Looking for new books to read this year? Look no further with this edition of What’s New in Translation, featuring new releases translated from Kurdish, Dutch, and Spanish. Read on to find out more about Abdulla Pashew’s poems written in exile, Tommy Wieringa’s novel about cross-cultural identities, as well as Agustín Martínez cinematic thriller.
Dictionary of Midnight by Abdulla Pashew, translated from the Kurdish by Alana Marie Levinson-LaBrosse, Phoneme Media (2018)
Review by Jacqueline Leung, Editor-at-Large for Hong Kong
Dictionary of Midnight is a collection of several decades of Abdulla Pashew’s poetry as he recounts the history of Kurdistan and its struggle for independence. Translated from the Kurdish by Alana Marie Levinson-LaBrosse, the work includes a map of contemporary Iraq and a timeline of Kurdish history for those unfamiliar with the plight of the Kurds, something Pashew, one of the most influential Kurdish poets alive today, has taken upon himself to convey and to honor.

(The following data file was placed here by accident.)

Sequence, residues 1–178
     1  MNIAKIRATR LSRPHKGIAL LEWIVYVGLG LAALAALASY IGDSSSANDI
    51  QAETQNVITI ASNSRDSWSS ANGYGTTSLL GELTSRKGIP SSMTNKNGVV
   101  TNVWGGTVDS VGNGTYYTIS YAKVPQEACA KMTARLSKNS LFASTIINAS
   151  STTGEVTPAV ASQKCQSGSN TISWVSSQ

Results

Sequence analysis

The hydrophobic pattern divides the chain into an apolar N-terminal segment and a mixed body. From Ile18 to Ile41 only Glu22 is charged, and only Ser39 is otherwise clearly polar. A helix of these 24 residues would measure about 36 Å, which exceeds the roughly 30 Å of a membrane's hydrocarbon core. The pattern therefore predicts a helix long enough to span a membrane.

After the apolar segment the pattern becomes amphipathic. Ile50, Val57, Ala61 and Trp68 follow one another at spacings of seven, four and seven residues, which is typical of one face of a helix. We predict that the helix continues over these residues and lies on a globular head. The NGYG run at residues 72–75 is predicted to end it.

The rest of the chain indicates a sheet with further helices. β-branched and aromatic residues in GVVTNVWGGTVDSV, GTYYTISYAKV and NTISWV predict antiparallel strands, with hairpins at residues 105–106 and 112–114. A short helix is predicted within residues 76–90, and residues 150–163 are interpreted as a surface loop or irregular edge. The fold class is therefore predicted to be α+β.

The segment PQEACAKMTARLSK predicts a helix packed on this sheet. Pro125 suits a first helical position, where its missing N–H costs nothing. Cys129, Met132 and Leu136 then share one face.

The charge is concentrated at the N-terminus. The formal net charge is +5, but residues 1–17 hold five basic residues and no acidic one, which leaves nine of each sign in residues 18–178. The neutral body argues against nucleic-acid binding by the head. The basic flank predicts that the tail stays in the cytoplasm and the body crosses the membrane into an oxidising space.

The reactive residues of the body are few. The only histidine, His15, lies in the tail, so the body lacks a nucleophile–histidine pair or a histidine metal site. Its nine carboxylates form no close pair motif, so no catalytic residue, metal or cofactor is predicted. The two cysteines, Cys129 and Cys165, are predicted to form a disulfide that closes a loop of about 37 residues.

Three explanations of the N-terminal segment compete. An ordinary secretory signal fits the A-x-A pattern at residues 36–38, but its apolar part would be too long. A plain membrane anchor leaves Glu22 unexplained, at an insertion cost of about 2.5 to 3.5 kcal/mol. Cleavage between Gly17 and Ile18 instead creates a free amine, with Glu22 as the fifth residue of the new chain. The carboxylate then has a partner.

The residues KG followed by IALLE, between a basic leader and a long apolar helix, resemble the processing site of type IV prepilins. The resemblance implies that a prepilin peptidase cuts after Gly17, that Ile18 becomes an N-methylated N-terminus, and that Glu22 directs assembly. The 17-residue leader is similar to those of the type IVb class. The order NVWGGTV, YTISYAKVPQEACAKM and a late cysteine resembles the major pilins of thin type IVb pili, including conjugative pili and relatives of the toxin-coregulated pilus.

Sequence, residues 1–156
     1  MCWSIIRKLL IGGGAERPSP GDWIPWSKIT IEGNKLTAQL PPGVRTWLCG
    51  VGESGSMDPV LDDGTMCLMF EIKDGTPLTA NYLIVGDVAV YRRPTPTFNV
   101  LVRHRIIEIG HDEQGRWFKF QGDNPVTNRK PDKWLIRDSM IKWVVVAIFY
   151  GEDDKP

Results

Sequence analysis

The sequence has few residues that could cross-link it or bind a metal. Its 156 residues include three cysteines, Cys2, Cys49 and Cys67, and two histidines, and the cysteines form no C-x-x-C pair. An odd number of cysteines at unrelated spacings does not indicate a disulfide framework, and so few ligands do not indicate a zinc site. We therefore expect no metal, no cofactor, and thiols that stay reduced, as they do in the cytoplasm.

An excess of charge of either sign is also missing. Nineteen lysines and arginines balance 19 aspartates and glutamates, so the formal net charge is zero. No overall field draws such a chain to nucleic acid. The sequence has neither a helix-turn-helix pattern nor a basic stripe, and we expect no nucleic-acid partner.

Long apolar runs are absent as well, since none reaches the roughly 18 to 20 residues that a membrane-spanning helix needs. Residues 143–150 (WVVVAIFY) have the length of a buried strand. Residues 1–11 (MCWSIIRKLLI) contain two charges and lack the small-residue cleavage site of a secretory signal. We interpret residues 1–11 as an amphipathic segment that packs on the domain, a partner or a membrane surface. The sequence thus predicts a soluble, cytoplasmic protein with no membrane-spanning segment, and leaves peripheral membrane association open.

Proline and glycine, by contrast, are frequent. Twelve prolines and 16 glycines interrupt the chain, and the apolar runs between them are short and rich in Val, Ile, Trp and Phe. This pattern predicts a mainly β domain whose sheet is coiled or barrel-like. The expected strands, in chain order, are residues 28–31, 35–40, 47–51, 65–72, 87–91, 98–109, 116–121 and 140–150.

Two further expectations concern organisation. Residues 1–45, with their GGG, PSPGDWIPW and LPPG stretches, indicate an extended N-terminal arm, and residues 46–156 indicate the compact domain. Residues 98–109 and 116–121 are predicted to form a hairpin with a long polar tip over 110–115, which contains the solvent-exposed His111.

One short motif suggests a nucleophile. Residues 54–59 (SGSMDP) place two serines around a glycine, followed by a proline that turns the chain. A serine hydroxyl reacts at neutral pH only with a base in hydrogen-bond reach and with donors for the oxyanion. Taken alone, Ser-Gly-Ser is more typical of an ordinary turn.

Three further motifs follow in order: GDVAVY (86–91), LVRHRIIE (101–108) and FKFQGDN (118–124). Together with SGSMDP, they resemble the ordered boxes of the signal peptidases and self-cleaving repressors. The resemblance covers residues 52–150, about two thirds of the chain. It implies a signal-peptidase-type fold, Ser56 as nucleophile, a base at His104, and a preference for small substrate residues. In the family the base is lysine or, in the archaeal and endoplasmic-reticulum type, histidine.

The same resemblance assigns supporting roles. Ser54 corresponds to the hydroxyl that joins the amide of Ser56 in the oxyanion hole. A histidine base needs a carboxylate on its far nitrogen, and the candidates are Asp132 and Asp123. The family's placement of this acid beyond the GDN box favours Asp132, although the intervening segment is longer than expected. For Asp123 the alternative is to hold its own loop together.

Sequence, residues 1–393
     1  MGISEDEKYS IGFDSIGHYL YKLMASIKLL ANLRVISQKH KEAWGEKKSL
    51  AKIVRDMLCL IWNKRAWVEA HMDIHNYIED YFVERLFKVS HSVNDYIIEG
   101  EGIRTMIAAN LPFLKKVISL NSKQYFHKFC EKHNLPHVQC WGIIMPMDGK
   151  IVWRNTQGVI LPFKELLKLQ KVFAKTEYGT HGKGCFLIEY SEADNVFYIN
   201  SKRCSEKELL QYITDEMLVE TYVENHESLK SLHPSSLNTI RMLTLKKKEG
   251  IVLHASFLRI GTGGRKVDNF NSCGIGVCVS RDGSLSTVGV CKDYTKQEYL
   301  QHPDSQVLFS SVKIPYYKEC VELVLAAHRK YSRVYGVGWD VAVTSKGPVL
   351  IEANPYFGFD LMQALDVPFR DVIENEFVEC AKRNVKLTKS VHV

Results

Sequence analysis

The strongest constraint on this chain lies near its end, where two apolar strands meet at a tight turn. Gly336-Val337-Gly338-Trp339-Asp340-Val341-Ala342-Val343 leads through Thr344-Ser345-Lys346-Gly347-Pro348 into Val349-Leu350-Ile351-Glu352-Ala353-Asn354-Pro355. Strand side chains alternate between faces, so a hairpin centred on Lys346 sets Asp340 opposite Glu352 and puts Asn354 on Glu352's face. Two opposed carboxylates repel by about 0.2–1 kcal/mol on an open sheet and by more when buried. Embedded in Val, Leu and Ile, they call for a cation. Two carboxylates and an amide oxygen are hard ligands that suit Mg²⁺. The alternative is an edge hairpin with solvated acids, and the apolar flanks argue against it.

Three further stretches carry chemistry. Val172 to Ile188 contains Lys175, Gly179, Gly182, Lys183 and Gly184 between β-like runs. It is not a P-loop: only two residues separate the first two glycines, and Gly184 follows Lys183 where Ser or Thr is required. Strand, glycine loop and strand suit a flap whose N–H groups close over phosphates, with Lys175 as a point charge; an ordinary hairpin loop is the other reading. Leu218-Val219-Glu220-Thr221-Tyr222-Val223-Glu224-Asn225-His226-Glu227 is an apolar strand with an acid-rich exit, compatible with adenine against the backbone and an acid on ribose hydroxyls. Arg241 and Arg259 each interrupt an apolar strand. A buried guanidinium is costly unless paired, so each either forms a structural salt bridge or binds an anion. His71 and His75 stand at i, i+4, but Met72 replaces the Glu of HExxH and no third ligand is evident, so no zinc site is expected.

Ubah Cristina Ali Farah is a poet, novelist, playwright, and oral performer of Italian and Somali heritage, best known for her novels Madre piccola (2007) and Il comandante del fiume (2014). Her piece, “A Dhow Crosses the Sea” recently appeared in the April issue of Asymptote, translated from the Italian by Hope Campbell Gustafson of the University of Iowa.
Claire Jacobson (CJ): What can you tell me about the oral storytelling quality of your work?
Ubah Cristina Ali Farah (UCAF): While I was studying at the Sapienza University of Rome, my favorite authors were Amos Tutuola, Amadou Hampâté Bâ and the great Brazilian writer, João Guimarães Rosa. I learned to love the oral, anonymous poetry of the medieval bards, the romancero evoked by García Lorca, Italo Calvino’s rewriting of traditional Italian tales, and Pierpaolo Pasolini’s striking collection of popular songs and poems. However, my first loves, the texts that influenced me most, were the Somali oral poems and tales, under the wings of which I grew up. I was looking for the oneiric feeling that resonated in the oral poetry, a text disconnected but at the same time coherent, a voice encompassing both colloquial and erudite styles and registers of language. A storytelling that could embody the throbbing power of the voice.